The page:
Paralysed man loses assisted suicide challenge

A man with locked-in syndrome has failed in his bid to change guidelines that prevent doctors from helping a patient to commit suicide.

The 50-year-old, known only as Martin, had argued that General Medical Council (GMC) guidance interfered with his freedom of expression.

However, judges at the High Court ruled that the GMC guidance is lawful.

Illegal action

Lord Justice Elias and Mr Justice Collins said the GMC is entitled to base its guidance on the illegality of aiding and abetting a suicide in the UK.

The guidance states: “Where patients raise the issue of assisting suicide, or ask for information that might encourage or assist them in ending their lives, respect for a patient’s autonomy cannot justify illegal action.

“Doctors should be prepared to listen and to discuss the reasons for the patient’s request but they must not actively encourage or assist the patient as this would be a contravention of the law.”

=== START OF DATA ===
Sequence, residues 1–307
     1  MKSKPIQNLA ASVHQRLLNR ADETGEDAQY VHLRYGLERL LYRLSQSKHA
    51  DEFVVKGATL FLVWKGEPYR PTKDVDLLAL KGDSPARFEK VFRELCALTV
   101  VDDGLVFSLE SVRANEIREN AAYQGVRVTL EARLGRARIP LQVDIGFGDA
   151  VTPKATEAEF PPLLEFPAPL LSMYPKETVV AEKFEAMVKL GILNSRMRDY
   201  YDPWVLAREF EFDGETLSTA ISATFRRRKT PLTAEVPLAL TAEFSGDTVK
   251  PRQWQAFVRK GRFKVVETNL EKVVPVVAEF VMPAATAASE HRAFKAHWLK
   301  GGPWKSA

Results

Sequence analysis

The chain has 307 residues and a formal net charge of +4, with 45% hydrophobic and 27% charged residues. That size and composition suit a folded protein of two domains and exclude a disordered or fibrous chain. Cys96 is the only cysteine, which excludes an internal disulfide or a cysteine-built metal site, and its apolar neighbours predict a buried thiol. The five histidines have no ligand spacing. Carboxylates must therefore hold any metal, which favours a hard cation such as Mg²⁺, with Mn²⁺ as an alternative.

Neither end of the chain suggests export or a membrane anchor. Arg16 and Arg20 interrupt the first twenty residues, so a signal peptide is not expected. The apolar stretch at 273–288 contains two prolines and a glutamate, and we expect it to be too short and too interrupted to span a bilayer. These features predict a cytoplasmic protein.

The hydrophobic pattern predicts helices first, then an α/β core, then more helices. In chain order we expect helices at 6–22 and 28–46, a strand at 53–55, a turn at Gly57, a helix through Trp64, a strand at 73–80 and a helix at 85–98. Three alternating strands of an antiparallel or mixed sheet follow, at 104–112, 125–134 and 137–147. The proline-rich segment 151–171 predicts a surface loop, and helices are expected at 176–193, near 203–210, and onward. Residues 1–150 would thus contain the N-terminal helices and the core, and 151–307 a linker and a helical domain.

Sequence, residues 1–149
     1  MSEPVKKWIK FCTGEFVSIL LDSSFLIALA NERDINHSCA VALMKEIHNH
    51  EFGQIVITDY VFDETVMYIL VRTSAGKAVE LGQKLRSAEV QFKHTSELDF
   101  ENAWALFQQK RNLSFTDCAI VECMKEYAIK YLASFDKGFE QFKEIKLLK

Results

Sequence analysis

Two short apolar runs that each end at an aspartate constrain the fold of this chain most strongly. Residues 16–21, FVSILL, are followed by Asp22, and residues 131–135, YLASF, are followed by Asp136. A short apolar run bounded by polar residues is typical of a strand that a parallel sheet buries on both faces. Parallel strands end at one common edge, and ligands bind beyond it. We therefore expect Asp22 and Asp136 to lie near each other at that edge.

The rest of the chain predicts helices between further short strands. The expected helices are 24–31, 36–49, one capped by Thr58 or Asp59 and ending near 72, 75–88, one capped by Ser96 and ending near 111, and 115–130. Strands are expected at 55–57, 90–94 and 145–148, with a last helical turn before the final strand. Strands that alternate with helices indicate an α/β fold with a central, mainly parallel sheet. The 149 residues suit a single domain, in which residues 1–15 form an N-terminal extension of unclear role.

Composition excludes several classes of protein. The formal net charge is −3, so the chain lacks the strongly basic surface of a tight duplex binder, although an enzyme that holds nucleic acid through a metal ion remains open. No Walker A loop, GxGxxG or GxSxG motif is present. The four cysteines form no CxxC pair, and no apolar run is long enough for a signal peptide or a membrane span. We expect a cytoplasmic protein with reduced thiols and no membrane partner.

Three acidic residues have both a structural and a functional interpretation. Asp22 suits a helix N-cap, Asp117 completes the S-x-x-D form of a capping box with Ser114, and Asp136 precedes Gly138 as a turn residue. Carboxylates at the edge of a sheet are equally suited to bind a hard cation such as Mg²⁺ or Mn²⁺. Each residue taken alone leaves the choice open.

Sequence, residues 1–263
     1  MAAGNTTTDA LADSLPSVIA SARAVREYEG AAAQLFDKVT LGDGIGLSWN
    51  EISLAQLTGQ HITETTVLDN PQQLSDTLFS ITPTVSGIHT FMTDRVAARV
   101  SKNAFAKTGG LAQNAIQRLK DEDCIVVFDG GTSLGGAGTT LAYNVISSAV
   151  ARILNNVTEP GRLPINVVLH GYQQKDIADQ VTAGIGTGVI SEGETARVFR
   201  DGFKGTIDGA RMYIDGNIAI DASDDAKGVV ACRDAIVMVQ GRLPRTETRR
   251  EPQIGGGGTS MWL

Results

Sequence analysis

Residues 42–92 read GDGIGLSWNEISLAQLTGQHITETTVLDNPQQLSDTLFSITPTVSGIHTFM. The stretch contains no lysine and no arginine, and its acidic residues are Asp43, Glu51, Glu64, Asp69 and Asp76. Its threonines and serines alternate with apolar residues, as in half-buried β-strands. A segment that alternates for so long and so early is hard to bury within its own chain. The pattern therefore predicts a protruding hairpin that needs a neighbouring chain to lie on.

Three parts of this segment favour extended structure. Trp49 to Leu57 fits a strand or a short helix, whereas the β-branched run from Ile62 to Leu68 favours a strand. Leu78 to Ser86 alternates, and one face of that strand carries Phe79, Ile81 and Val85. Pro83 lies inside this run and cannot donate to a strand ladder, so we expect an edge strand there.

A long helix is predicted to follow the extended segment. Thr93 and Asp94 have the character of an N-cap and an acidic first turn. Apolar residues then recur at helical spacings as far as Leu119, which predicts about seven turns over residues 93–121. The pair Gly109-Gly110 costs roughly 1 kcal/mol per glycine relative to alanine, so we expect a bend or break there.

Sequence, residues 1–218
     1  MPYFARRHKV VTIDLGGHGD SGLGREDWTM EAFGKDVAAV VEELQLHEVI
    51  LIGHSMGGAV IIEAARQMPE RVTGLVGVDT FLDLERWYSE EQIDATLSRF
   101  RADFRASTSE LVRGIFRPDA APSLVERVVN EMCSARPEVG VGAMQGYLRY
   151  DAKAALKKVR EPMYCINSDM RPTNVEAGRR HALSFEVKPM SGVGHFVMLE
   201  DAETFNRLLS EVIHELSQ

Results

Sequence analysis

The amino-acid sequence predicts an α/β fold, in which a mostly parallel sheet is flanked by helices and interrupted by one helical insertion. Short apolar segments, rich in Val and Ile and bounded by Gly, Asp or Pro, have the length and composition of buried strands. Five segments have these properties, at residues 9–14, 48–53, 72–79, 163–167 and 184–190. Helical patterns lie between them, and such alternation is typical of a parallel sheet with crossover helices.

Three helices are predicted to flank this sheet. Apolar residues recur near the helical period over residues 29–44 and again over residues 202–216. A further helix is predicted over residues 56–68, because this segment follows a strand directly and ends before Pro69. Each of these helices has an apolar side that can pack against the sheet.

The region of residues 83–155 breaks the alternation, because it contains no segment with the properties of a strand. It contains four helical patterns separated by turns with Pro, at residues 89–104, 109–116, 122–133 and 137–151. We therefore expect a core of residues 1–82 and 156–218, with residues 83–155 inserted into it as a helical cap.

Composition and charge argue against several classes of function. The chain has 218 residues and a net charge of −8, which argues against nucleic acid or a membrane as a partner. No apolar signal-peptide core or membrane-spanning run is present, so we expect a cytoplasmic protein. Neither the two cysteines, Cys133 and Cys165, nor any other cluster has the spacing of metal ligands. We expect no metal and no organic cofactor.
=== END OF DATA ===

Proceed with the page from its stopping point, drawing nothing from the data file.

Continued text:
Representing Martin, Philip Havers QC claimed that the advice interfered with his right to a private and family life under the European Convention on Human Rights.

Havers also argued that the GMC should take a more “compassionate” approach when dealing with those who are seeking assisted suicide, in line with guidance issued by the Director of Public Prosecutions (DPP).

Recent changes to the DPP’s policy suggest that those who assist in the suicide of a person who has a “clear and settled intention” to commit suicide, and who act out of ‘compassion’, are unlikely to be prosecuted.


In June last year, lawyers acting for Martin argued that the DPP’s guidelines are insufficiently clear as to whether someone who is not a close friend or relative would be charged if they helped him to kill himself. That action was also unsuccessful.

Martin wanted to be legally helped to travel to the Dignitas clinic in Switzerland to end his life.

Following this week’s ruling, Martin’s solicitor Rosa Curling said: “We have advised our client to appeal today’s judgment on the current GMC guidance and we are hopeful that the Court of Appeal will reach a different decision in due course.”

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